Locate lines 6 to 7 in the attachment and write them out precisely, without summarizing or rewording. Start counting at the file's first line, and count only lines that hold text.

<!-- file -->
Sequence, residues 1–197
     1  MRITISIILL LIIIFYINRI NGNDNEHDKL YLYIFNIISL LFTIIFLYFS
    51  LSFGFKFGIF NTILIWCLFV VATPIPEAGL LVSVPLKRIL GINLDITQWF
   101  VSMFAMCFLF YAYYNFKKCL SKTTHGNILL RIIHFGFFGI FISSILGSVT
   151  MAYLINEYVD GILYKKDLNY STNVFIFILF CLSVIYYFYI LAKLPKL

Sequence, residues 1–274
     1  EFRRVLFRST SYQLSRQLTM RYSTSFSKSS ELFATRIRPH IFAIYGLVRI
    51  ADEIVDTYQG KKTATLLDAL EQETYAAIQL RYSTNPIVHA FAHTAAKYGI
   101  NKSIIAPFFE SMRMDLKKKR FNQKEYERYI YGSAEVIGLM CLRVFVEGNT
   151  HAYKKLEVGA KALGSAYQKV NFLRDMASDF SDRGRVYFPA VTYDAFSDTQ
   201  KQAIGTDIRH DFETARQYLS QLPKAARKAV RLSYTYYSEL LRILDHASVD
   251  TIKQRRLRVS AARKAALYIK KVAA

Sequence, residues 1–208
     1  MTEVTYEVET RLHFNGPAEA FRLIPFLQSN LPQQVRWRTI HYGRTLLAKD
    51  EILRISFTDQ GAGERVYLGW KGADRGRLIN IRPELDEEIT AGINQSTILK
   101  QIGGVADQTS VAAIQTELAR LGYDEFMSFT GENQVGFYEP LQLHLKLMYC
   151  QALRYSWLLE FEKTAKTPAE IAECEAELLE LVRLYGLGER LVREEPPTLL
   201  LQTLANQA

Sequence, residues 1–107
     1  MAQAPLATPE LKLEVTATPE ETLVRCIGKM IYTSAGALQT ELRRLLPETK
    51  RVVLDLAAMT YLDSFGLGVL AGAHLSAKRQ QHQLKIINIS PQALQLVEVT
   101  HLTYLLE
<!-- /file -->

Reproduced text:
Sequence, residues 1–274
     1  EFRRVLFRST SYQLSRQLTM RYSTSFSKSS ELFATRIRPH IFAIYGLVRI